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Ideas and Opinions |

Deconstructing the Placebo Effect and Finding the Meaning Response

Daniel E. Moerman, PhD; and Wayne B. Jonas, MD
[+] Article and Author Information

From University of Michigan, Dearborn, Michigan; and Samueli Institute and Uniformed Services University of the Health Sciences, Bethesda, Maryland.


Grant Support: In part by a grant from the National Science Foundation to Dr. Moerman (NSF SBR-9421128).

Requests for Single Reprints: Daniel E. Moerman, PhD, Department of Anthropology, University of Michigan–Dearborn, 6515 Cherry Hill Road, Ypsilanti, MI 48198; e-mail, dmoerman@umich.edu.

Current Author Addresses: Dr. Moerman: Department of Anthropology, University of Michigan–Dearborn, 6515 Cherry Hill Road, Ypsilanti, MI 48198.

Dr. Jonas: Department of Family Medicine, Uniformed Services University of the Health Sciences, Bethesda MD 20814.


Ann Intern Med. 2002;136(6):471-476. doi:10.7326/0003-4819-136-6-200203190-00011
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We provide a new perspective with which to understand what for a half century has been known as the “placebo effect.” We argue that, as currently used, the concept includes much that has nothing to do with placebos, confusing the most interesting and important aspects of the phenomenon. We propose a new way to understand those aspects of medical care, plus a broad range of additional human experiences, by focusing on the idea of “meaning,” to which people, when they are sick, often respond. We review several of the many areas in medicine in which meaning affects illness or healing and introduce the idea of the “meaning response.” We suggest that use of this formulation, rather than the fixation on inert placebos, will probably lead to far greater insight into how treatment works and perhaps to real improvements in human well-being.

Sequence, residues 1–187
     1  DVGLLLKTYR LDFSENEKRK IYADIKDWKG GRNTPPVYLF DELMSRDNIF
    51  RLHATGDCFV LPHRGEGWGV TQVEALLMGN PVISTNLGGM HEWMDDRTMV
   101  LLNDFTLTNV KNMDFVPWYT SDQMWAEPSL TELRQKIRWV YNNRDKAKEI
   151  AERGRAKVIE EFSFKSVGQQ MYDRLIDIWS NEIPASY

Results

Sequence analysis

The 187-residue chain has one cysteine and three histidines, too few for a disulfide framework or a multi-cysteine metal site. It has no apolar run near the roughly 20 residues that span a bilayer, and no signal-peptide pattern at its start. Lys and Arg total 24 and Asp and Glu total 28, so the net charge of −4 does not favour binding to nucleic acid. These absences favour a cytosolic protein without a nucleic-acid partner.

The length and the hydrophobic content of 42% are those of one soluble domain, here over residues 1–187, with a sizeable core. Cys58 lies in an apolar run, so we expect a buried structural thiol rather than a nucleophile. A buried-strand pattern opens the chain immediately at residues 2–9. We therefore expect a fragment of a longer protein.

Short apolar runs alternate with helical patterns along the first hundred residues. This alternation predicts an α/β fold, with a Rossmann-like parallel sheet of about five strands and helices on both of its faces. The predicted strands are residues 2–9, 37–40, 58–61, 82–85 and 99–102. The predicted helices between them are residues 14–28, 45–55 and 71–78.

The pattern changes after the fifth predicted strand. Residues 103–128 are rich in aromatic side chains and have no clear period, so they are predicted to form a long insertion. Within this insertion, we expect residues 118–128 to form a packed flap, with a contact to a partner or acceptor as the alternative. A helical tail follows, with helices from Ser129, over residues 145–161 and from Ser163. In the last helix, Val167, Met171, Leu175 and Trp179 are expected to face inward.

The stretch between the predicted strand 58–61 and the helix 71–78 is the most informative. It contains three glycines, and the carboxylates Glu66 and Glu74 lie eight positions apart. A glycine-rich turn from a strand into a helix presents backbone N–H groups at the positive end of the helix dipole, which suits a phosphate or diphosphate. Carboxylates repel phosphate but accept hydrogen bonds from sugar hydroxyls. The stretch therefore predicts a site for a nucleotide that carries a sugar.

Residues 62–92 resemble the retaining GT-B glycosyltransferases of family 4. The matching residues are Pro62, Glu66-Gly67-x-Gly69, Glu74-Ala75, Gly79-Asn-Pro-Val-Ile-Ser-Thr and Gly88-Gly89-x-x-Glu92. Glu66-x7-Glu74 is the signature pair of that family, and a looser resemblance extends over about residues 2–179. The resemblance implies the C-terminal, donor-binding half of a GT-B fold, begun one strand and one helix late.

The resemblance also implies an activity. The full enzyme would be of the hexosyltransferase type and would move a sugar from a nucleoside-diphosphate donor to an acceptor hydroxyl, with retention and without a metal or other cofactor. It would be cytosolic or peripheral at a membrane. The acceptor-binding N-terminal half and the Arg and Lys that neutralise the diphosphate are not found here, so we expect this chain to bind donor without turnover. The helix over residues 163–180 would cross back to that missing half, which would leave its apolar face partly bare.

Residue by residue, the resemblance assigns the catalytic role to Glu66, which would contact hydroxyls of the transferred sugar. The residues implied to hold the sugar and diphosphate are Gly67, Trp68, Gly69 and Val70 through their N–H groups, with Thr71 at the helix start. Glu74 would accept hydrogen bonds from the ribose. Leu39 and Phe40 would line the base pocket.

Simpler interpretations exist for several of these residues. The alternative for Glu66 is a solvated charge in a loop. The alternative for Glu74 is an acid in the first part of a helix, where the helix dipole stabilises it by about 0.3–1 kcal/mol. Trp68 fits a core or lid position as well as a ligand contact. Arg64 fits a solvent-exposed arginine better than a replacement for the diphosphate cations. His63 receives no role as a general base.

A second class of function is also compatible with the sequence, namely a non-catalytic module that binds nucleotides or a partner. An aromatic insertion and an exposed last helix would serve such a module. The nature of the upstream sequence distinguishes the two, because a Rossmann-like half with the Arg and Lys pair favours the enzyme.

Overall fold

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Figure.
Data from 83 studies of the use of cimetidine or ranitidine for duodenal ulcer disease.[42]

In all cases, ulcers and ulcer healing were diagnosed endoscopically. Most studies lasted 4 weeks; a few were a bit shorter or longer. Sample sizes ranged from 12 to 210 participants (mean, 58). The quality of these studies was generally good for the era in which they were conducted (mostly between 1976 and 1986), although probably not fully adequate by contemporary standards. This analysis differs from the ordinary, in which placebo and active treatments are combined in an odds ratio, relative risk, or risk difference. The point of this analysis is not, however, to determine whether antisecretory medication is effective; clearly it is. The issue is the relationship between the pharmacologic and the meaningful dimensions of treatment. (A detailed account of these studies is available elsewhere .).

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